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keeping their privileges indefinite;" and that “tha maxims upon which they proceed, together with the method of proceeding, rest entirely in their own breast, and are not defined and ascertained by any particular stated laws."-1 Blackstone, 163, 164.

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It was probably from this view of the encroaching character of pr. vilege, that the framers of our Constitution, in their care to provide that the laws shall bind equally on all, and especially that those who make them shall not be exempt themselves from their operation, have only privileged “ Senators and Representatives” themselves from the single act of arrest in all cases except treason, felony, and breach of the peace, during their attendance at the session of their respective Houses, and in going to and returning from the same, and from being questioned in any other place for any speech or debate in either House. Const. U. S. Art. I. Sec. 6. Under the general authority “to make all laws necessary and proper for carrying into execution the powers given them,” Const. U. S. Art. II. Sec. 8, they may provide by law the details which may be necessary for giving full effect to the en joyment of this privilege. No such law being as yet made, it seems to stand at present on the following ground :-1. The act of arrest is void, ab initio, 2 Stra. 989 — 2. The member arrested may be discharged on motion, 1 Bl. 166. 2. Stra. 990; or by Habeas Corpus under the Federal or State authority, as the case may be; or by a writ of privilege out of the Chancery, 2 Stra. 989, in those States which have adopted that part of the laws of England. — Orders of the House of Com. 1550, Feb. 20.–3. The arrest being unlawful, is a trespass for which the officer and others concerned are liable to action or indict ment in the ordinary courts of justice, as in other cases of unauthorized arrest.-4. The court before which the process is returnable, is bound to act as in other cases of unauthorized proceeding, and liable also, as in other similar cases, to have their proceedings stayed or corrected by the Superior Courts.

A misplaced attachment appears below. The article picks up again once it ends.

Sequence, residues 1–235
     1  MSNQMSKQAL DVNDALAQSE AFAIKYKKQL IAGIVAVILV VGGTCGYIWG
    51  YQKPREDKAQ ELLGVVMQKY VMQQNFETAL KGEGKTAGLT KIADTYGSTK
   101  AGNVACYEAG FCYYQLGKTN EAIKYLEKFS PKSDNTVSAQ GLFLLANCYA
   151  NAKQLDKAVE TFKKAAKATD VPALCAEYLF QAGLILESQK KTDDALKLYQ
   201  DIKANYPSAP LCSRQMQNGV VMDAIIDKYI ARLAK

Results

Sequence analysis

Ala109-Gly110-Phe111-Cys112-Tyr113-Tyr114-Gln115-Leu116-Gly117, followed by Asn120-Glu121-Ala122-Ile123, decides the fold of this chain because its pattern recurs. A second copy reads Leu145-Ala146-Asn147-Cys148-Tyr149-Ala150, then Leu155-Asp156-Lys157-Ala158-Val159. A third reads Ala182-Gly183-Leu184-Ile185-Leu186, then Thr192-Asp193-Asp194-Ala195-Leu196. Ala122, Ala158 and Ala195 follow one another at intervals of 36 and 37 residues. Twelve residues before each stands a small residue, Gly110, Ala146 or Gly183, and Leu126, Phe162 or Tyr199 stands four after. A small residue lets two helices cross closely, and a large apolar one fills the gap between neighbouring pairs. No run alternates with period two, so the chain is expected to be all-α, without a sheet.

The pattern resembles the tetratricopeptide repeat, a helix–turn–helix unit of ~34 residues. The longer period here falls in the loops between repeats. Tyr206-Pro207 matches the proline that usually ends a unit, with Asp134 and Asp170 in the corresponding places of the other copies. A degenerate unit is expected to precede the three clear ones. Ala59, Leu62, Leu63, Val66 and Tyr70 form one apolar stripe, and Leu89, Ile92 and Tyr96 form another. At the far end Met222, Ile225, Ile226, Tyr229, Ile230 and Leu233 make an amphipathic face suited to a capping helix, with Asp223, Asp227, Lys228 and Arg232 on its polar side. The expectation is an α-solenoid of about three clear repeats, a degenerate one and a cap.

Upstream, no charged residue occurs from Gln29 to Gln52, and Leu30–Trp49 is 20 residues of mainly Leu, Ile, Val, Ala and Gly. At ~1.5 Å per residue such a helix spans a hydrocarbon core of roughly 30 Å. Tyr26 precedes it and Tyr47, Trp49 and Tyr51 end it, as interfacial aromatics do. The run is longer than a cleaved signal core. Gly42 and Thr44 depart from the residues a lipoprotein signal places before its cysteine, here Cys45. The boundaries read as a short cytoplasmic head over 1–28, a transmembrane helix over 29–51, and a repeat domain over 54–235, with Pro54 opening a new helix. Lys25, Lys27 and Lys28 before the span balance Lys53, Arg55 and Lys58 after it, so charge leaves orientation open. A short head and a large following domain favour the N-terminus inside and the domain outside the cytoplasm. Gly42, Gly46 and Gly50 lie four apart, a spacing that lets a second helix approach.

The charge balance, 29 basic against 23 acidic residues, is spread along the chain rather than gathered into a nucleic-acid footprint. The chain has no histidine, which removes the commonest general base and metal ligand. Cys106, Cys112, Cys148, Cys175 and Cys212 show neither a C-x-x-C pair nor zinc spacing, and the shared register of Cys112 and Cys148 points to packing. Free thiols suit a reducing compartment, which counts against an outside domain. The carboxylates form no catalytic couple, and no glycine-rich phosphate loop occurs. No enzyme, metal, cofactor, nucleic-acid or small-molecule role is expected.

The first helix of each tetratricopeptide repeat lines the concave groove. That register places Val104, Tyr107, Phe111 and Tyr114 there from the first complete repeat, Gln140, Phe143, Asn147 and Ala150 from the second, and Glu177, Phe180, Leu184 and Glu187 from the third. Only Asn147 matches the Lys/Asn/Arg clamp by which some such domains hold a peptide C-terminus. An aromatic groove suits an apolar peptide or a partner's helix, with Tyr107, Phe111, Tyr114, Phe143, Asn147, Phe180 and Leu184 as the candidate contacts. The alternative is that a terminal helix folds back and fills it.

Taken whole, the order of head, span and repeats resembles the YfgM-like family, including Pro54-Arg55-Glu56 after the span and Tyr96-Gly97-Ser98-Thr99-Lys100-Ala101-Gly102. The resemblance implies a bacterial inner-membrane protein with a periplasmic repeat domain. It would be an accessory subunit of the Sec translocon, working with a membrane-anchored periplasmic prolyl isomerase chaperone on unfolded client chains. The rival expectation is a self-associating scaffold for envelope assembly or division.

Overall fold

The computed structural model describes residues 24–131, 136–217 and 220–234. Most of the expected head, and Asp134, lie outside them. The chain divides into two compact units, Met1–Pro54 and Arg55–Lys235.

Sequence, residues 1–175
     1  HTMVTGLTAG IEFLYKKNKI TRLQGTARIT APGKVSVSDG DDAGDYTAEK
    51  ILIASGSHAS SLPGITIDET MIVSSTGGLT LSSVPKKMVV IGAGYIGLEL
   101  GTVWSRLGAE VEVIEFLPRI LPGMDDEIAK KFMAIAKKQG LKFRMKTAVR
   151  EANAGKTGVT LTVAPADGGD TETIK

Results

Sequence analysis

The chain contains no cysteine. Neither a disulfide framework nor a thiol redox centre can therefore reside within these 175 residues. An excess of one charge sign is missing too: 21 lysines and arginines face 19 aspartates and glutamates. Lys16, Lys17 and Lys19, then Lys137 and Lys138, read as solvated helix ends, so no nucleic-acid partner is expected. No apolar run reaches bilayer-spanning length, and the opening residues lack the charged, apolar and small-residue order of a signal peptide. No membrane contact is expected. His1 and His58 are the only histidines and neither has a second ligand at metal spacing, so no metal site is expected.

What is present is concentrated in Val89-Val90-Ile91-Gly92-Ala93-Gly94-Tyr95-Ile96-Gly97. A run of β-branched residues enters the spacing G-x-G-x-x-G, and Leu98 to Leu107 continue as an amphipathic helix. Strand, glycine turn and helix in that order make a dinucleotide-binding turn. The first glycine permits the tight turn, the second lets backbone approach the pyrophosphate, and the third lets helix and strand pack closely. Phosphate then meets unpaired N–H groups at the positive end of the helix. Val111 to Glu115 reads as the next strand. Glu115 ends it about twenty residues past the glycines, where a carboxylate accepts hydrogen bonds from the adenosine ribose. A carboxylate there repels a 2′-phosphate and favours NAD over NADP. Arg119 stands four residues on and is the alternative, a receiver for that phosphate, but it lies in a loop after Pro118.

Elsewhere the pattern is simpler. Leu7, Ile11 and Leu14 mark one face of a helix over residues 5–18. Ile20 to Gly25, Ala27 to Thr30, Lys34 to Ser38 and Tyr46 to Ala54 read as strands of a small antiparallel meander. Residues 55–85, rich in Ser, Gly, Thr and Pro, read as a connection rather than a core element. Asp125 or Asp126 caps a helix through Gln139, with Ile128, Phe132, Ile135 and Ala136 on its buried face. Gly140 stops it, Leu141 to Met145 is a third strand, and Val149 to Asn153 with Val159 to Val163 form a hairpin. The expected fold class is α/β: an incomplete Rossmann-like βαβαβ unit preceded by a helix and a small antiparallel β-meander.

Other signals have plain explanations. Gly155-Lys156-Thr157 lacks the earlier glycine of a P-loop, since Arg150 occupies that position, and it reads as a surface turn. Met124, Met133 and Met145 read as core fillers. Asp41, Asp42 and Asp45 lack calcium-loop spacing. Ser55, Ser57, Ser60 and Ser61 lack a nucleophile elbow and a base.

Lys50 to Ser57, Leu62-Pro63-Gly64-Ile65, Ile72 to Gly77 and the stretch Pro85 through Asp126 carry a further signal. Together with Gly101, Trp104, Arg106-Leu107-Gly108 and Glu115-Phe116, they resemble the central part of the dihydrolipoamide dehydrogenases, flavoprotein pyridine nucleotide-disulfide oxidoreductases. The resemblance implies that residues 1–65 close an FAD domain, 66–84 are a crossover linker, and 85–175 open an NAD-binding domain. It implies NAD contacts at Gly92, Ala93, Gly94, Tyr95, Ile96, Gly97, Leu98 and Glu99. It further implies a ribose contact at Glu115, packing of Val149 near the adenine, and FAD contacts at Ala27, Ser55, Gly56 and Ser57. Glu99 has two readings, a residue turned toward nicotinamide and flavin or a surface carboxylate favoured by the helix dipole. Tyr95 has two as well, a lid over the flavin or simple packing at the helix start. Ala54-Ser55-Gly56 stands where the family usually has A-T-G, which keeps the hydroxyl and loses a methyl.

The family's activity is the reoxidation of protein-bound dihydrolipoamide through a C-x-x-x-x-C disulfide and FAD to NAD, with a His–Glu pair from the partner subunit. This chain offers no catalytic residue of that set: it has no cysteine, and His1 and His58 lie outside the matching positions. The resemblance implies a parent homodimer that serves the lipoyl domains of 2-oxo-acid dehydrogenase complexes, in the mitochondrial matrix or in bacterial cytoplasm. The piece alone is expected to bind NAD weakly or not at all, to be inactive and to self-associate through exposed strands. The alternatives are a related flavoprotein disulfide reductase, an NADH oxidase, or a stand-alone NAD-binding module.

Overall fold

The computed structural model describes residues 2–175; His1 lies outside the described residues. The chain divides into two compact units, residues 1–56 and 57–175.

The time necessary for going to and returning from Congress not being defined, it will of course be judged pal in every particular casa by those who will have to decide the case

While privilege was understood in England to ex. tend, as it does here, only to exemption from arrest cundo, inorando, et redeundo, the House of Commons themselves decided that “a convenient time was to be understood.”—1580—1 Hats. 99, 100. Nor is the law so strict in point of time as to require the party to set out immediately on his return, but allows him time to settle his private affairs, and to prepare for his journey; and does not even scan his road very nicely, nor forfeit his protection for a little deviation from that which is most direct; some necessity perhaps constraining him to it.—2 Stra. 986, 987.

This privilege from arrest, privileges of course against all process, the disobedience to which is punishable by an attachment of the person; as a subpoena ad respondendum, or testificandum, or a summons on a jury; and with reason, because a member has supe rior duties to perform in another place.

When a Representative is withdrawn from his seat by sumn ons the 47,700 people whom he represents lose their voice in debate and vote, as they do in his voluntary absence: when a Senator is with drawn by summons, his State loses half its voice in debate and vote, as it does in his voluntary absence. The enormous disparity of evil admits no comparison.